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American School Wars (1)

March 16, 2017
Plain English Version

Photo credit: Todd Heisler/The New York Times

Where America is Now.

Kids go to school to learn how to succeed in life. Reading, writing, and arithmetic are the basic skills they need. That is the easy part to describe.

The background. For many years, the states oversaw schools. That is because the states had revenue from taxes to pay for schools. There were many school districts. The districts used revenue from local taxes to pay their share.

The job of teaching was that of local schools and school districts. Setting the standards was the job of the state.

After World War II, things began to change. Service people returned home, got married and had children. The public schools became crowded. In many regions, teachers formed trade unions. They fought for higher teacher pay and better working conditions. The cost of schools went up.

There was not much of a role for the federal government. There was no federal Department of Education until 1980. Republican presidents soon began to call for closing the new department down. The said it was the job of the states.

President George W. Bush had a better idea. He proposed a “No Child Left Behind” bill. The force behind the bill was to use testing results to measure how well schools was teaching their pupils. The bill became law. School districts that did well got more money. Some schools did not do well.They had chances to improve. There were other incentives to reward improving schools.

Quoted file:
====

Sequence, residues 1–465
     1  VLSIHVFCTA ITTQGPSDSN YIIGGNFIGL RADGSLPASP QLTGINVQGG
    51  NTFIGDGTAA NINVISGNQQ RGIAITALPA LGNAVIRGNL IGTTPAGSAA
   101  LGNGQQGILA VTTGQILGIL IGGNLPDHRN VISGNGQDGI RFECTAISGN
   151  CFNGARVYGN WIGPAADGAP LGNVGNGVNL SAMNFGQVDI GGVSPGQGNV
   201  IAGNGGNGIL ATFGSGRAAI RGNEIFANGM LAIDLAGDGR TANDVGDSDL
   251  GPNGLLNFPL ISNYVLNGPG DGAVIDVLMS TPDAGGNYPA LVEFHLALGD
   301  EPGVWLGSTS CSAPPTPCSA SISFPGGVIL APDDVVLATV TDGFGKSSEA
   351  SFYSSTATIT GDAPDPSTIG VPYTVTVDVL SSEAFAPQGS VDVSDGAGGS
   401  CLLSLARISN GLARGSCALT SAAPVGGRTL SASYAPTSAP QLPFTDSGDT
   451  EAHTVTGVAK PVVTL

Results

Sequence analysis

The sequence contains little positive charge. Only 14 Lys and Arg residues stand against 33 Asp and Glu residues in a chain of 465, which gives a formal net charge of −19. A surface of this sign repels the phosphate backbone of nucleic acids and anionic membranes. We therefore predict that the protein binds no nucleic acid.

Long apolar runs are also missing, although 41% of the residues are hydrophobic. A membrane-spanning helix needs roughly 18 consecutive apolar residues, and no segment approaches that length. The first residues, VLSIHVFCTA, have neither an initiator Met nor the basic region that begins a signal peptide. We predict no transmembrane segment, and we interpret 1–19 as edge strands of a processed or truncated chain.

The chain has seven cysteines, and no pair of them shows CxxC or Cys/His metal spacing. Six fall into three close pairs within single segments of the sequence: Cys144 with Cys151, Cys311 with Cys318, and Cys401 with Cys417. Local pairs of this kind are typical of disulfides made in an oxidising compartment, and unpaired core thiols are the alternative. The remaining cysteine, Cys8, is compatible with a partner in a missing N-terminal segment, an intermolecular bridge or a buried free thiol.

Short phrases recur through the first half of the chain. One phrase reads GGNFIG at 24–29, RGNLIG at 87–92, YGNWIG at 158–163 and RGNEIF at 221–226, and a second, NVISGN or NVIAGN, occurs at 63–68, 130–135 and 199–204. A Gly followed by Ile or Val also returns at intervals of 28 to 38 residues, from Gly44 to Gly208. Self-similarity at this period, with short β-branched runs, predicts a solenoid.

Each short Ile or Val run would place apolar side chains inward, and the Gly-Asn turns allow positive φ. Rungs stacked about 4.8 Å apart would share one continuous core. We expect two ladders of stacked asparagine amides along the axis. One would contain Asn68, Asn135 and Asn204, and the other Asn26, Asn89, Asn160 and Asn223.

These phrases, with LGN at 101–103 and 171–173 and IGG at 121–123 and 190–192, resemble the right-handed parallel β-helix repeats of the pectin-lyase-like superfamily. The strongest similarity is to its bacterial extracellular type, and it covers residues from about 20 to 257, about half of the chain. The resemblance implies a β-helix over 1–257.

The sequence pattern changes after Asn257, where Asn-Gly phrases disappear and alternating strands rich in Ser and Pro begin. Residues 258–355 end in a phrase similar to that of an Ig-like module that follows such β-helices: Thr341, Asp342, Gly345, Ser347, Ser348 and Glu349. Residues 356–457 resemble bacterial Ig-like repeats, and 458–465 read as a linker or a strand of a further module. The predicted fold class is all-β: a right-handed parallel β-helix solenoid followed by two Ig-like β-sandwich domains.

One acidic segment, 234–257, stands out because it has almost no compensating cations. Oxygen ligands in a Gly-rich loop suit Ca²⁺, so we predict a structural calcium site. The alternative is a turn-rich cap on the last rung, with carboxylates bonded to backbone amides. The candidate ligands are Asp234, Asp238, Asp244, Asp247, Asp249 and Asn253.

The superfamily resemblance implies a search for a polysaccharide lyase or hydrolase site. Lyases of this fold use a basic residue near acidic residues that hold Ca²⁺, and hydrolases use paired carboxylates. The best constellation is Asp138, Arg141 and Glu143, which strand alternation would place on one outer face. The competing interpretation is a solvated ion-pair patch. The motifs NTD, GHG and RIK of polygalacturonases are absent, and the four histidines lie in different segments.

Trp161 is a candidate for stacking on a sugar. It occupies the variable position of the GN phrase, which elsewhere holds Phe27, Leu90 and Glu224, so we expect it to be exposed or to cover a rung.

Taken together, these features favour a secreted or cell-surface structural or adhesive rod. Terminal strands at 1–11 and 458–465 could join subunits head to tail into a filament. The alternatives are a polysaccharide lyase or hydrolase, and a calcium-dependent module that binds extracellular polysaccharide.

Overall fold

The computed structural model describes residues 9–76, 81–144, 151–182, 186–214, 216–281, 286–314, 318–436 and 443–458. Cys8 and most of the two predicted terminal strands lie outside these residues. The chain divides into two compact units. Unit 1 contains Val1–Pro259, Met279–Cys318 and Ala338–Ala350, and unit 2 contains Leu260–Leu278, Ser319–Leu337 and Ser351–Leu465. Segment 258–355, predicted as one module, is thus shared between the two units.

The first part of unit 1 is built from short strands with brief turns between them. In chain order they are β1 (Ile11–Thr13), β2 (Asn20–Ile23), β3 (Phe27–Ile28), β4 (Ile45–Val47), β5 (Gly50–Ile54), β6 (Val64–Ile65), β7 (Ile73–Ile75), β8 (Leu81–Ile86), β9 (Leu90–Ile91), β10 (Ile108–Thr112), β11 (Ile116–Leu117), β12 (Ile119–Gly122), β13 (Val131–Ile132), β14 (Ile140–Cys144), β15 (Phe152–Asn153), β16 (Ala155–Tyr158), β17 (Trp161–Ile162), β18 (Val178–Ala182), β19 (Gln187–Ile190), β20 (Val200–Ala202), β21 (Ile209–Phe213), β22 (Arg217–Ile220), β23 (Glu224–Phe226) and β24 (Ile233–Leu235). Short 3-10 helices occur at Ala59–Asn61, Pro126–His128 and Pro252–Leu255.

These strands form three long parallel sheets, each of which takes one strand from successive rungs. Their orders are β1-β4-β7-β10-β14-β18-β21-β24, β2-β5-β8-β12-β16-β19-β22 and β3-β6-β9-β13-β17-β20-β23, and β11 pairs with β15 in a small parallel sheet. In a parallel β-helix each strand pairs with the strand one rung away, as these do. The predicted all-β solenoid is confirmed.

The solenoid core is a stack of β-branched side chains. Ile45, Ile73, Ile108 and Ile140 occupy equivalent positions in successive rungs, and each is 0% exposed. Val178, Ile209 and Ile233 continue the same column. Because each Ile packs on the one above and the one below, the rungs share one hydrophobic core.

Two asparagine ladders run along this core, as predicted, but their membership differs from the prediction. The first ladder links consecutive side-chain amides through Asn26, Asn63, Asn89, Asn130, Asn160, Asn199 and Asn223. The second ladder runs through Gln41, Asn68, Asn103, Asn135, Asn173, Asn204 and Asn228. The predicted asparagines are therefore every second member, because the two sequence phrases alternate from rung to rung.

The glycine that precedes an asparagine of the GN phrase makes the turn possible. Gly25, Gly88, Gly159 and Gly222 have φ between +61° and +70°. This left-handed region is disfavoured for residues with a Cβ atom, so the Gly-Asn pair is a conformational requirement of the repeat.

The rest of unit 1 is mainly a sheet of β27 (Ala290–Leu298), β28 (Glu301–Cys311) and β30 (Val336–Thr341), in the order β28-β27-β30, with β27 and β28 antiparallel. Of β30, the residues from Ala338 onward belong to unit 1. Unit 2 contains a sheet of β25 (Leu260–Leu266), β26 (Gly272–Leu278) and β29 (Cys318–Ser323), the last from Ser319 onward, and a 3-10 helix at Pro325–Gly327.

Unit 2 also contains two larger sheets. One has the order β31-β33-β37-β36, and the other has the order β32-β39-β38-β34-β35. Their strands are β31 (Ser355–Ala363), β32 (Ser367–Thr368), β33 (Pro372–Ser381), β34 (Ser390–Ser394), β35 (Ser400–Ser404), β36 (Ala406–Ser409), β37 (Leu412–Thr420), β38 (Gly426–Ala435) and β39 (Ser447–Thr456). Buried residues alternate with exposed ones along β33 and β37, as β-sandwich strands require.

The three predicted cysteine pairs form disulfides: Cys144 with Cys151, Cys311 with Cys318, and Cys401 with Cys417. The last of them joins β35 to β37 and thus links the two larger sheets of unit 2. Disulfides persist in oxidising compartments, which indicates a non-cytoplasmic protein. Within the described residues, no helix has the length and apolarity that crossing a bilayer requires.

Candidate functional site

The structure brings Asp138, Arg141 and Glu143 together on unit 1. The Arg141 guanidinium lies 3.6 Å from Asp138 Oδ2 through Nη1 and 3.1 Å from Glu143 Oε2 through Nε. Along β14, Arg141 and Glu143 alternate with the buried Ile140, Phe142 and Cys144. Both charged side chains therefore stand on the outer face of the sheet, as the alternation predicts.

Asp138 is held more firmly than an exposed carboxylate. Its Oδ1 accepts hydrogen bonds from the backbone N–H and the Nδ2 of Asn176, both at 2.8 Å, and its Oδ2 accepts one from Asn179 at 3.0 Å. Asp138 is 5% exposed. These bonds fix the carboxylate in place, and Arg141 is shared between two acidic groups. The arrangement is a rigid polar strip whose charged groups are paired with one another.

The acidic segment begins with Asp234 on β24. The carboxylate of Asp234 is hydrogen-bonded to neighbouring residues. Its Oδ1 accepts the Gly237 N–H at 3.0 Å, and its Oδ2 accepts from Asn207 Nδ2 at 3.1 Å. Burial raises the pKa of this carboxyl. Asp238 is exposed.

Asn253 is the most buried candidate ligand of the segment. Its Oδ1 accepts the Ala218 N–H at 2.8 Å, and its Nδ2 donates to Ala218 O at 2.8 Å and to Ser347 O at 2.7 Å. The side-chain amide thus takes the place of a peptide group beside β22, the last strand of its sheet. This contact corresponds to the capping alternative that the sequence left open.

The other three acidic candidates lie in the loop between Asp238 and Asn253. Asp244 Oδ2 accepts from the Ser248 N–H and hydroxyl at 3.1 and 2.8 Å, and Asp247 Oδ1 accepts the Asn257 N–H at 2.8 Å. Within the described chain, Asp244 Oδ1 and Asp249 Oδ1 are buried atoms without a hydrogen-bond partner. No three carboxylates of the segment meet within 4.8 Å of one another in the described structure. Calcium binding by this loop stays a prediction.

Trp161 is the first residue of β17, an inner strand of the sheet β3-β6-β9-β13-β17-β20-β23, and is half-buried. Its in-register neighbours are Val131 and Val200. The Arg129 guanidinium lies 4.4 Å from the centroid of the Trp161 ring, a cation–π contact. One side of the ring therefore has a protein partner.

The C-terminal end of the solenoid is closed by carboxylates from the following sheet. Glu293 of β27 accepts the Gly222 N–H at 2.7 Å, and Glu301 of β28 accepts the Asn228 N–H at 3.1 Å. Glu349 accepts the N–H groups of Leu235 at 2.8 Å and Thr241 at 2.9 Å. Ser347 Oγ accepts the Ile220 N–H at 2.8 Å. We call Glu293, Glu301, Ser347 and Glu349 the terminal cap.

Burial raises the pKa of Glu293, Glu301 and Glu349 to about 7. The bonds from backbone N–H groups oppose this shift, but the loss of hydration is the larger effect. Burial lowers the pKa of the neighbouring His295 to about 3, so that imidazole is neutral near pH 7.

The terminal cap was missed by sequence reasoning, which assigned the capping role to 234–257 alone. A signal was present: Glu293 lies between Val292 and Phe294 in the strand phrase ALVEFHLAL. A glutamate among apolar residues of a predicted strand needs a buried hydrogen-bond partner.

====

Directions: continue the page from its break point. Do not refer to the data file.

All this led to an emphasis on tests. Schools began ‘teaching to the test.' Parents complained that this was not the goal of education. Parents and interested parties began looking at the skills of the teachers. A teacher's abilities to “instruct” became more important.

Teacher unions had become more powerful. It became more difficult to remove poor teachers.  There was unhappiness with public schools. This led to the “voucher movement.” Vouchers are money given to parents to help pay for private schools.  Discontent also created “charter schools.” Charter schools would innovate. They would show the best ways to teach. Both programs use taxpayer funds.

Public schools have defenders. They say vouchers and charter schools are robbing the public schools of needed funds.

President Obama had a new bill that became law. It is the “Every Student Succeeds Act.” It puts less emphasis on tests. It has some new rules for schools. Some educators and some politicians said the new rules were too strict. The Republicans and some Democrats want to set aside the new rules.

Everyone agrees that the goal is to make schools work better. Tomorrow, how we got here.

Resource: The New York Times March 9, 2017

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